“We want to change the dialogue and start sharing more stories of businesses — small, medium, large, for-profit, nonprofit — that are thinking differently about how they are making money, how they approach making money, how they approach employing people,” Barnes said.
wells fargo factor
On the other end of the spectrum, Barnes pointed to Wells Fargo, which is struggling to move past a scandal over having created roughly 3.5 million fake accounts from Jan. 2009 to Sept. 2016. Two months ago, in February, the Federal Reserve restricted Wells Fargo’s growth, citing “widespread consumer abuses and compliance breakdowns.”
“They were putting so much pressure on their team to sell, sell, sell,” Barnes said. “They’ve lost, I think, not only billions of dollars in reputation capital, but they’ve also had to do massive layoffs and they’ve really created a kind of a hostile environment. And none of that needed to happen.”
Barnes should know. She worked for the embattled San Francisco-based bank from 2004 to 2011. Though Wells Fargo hadn’t been exposed for the fake accounts until well after she left, Barnes said her exit coincided with the realization that there are companies that do go above and beyond doing business ethically.
This, Barnes said, was the precipitous for her starting StartHuman and spearheading the Conscious Capitalism chapter-turned-conscious business movement in Northern Nevada.
The culture effect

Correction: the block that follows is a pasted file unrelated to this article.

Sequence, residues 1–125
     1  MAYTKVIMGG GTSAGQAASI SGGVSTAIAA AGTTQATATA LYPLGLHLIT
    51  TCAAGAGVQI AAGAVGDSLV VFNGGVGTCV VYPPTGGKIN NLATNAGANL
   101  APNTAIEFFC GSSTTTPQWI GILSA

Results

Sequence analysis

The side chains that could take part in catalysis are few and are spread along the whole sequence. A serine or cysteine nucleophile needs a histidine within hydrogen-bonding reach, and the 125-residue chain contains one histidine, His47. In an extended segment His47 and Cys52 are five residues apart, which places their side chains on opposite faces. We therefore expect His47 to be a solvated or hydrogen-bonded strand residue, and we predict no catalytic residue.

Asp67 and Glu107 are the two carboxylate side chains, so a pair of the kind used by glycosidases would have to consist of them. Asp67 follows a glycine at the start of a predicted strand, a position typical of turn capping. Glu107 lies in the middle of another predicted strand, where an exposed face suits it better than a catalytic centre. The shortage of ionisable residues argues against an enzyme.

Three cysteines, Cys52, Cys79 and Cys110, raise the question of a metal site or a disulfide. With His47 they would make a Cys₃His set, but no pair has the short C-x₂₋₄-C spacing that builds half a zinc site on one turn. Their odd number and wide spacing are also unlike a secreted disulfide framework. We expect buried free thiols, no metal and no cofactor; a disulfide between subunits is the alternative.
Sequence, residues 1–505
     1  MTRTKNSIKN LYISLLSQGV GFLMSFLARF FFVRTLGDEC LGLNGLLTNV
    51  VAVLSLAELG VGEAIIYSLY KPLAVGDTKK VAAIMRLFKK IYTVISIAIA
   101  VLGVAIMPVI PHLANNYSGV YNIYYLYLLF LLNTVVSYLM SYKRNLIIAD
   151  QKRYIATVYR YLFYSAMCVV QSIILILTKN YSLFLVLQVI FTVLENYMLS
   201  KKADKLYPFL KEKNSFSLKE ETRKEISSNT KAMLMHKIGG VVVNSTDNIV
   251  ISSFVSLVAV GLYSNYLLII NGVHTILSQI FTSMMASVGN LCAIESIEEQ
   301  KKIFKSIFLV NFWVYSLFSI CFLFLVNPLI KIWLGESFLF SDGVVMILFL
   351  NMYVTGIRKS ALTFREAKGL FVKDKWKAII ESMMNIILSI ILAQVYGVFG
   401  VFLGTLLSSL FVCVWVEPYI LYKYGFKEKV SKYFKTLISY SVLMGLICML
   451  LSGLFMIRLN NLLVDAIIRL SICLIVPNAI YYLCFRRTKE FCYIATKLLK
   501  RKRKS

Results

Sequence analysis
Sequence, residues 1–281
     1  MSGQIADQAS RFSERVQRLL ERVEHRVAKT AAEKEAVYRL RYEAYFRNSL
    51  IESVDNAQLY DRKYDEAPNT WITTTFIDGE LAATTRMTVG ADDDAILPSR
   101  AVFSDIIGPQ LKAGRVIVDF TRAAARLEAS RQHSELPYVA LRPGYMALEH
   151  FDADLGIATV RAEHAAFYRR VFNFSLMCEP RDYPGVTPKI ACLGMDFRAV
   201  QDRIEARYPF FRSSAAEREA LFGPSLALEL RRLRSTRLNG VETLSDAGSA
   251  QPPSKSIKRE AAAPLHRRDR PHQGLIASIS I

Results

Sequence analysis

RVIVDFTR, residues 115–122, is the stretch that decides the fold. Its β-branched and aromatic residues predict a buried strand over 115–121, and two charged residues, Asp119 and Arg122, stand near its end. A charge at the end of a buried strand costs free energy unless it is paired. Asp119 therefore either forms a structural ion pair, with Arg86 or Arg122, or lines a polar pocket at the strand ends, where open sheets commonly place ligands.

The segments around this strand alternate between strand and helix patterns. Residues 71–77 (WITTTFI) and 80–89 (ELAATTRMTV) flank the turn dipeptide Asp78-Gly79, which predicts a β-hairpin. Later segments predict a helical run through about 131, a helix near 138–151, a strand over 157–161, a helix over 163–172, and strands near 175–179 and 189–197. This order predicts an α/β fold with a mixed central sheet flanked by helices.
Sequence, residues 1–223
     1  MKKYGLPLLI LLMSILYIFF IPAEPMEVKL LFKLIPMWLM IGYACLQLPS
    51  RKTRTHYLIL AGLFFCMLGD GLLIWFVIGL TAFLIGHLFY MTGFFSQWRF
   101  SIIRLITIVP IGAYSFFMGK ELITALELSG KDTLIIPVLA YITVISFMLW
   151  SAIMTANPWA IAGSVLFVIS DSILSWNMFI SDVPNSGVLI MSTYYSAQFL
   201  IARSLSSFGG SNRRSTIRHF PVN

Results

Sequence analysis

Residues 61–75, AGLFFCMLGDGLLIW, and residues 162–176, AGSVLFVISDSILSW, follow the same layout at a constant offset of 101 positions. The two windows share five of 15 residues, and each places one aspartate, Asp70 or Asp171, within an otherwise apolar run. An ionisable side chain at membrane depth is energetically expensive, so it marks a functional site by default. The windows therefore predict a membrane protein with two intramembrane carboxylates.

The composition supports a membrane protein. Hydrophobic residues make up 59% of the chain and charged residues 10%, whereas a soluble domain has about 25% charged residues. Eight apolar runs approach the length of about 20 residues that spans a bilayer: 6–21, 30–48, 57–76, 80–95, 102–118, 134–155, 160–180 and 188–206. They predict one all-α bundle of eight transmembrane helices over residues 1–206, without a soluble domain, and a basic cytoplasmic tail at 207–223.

One local business that values this movement is Simco Imported Shoes, said Lindsay Bradley, operations manager at the Sparks-based shoe distributor.
At Simco Shoes, Bradley said, the culture is “transparent and trusting” and all lines of communication between employees are open regardless of one’s job or title.
“Everyone is heard, everyone has a sense of ownership and feels involved when that happens,” said Bradley, who’s been with the company for about two years.
Bradley said when she joined the company, helping existing employees recognize their own skills, giving them training to learn new skills, promoting growth, and opening a dialogue about ways to improve certain areas were her goals.
It wasn’t long before she saw a hop in the step of Simco Shoes employees.
Specifically, “Our customer service department just kind of blossomed,” Bradley said. “We already had good feedback from our customers and end-users of our products about our customer service. But they had now taken ownership and woven that with that they do and, in turn, exuded the confidence and excitement to our customers.”
Notably, Bradley has helped Barnes create workshops and coaching strategies to foster similar conscious business practices.
To rev up the re-launched conscious business movement in the region, Barnes has reignited the Conscious Coffee Chats, held at 7:30 a.m. on the first Friday of the month at Hub on Riverside.
Barnes said the attendance typically ranges between five and 15 people, though she suspects it will grow.
“We have a vibrant business community,” she said. “When you go in some place, you want to feel that they’re happy and that they love what they’re doing. They’re doing it with purpose and fulfillment. I think there’s an opportunity to make that part of our brand. So that’s why the focus, for me, needs to be on Northern Nevada.”